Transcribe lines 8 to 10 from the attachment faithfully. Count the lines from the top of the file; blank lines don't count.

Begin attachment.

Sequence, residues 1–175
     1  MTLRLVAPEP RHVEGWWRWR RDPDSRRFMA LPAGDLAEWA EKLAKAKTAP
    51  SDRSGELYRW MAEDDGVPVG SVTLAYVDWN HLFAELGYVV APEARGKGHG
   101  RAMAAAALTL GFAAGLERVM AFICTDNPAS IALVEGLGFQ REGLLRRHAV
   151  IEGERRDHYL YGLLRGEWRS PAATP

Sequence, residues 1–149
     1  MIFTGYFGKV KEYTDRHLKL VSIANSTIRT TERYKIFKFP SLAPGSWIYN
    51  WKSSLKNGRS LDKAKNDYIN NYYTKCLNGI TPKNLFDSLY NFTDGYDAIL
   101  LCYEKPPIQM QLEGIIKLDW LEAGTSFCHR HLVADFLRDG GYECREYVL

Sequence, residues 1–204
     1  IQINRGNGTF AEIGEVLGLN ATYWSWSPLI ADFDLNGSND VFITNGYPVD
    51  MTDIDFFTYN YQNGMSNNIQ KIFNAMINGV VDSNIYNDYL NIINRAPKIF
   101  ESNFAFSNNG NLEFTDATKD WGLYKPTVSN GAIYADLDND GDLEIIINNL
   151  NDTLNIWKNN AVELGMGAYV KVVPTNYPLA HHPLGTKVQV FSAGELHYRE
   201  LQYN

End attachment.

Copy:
    51  WKSSLKNGRS LDKAKNDYIN NYYTKCLNGI TPKNLFDSLY NFTDGYDAIL
   101  LCYEKPPIQM QLEGIIKLDW LEAGTSFCHR HLVADFLRDG GYECREYVL

Sequence, residues 1–204